A genetic screen for impaired systemic spreading of post-transcriptional gene silencing in Arabidopsis reveals the crucial role of Dicer-like2

SJ Fletcher1,2, C Taochy1,3, NR Gursanscky1, J Cao1, U Dressel1, N Mitter2, H Vaucheret3 and BJ Carroll1

  1. School of Chemistry and Molecular Biosciences, The University of Queensland, Brisbane, QLD, 4072, Australia
  2. Queensland Alliance for Agriculture and Food Innovation, The University of Queensland, Brisbane, QLD, 4072, Australia
  3. Institut Jean-Pierre Bourgin, UMR 1318, INRA AgroParisTech CNRS, Universite Paris-Saclay, 78000 Versailles, France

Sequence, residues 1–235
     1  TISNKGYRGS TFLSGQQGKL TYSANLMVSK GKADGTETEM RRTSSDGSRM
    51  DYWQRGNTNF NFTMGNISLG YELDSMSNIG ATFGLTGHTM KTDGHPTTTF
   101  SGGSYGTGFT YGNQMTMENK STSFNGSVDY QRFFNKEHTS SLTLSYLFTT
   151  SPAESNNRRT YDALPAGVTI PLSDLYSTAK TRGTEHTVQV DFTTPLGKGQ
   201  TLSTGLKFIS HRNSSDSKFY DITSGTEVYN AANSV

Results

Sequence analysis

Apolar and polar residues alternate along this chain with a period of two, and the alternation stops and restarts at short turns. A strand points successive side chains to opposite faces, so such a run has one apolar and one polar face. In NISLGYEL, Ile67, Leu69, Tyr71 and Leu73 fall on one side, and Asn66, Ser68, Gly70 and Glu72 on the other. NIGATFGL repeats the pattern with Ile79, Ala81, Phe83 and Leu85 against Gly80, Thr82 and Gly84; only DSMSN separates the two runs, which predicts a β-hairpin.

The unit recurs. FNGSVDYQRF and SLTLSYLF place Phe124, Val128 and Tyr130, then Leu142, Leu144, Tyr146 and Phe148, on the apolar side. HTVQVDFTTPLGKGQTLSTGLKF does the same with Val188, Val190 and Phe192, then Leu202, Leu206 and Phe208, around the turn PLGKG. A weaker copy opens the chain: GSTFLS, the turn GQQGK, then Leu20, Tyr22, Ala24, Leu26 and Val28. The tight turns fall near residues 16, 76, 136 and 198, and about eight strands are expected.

Post-transcriptional gene silencing (PTGS) of involves processing of double-stranded RNA (dsRNA) into abundant 21 nt siRNAs and low abundance 22 nt siRNAs by DCL4 and DCL2, respectively. It has long been considered that DCL2 plays a subordinate and redundant role to DCL4 in siRNA biogenesis in plants. However, we have identified dcl2 but not dcl4 mutants in a genetic screen for mutants defective in systemic PTGS, indicating that DCL2 is crucial for efficient transmission of PTGS throughout the plant. Moreover, grafting experiments showed that DCL2 is required in both the source rootstock and recipient shoot tissue for efficient systemic PTGS. Furthermore, dcl4 roots produced more 22 nt siRNAs than wild type, and showed enhanced systemic PTGS. Our data indicate that DCL2-dependent 22 nt siRNAs enhance systemic PTGS by facilitating the recruitment of RDR6 to produce dsRNA from target RNA. This dsRNA is predominantly processed into 21 nt siRNAs by DCL4 in both source and recipient tissues. While both 21 and 22 nt siRNAs act as mobile silencing signals for systemic PTGS, 22 nt siRNAs are more effective in inducing PTGS in recipient tissue. Our genetic screen for defects in systemic PTGS has uncovered a unique and crucial role for DCL2 in systemic PTGS in plants, and defines a primary evolutionary role for DCL2 in systemic PTGS.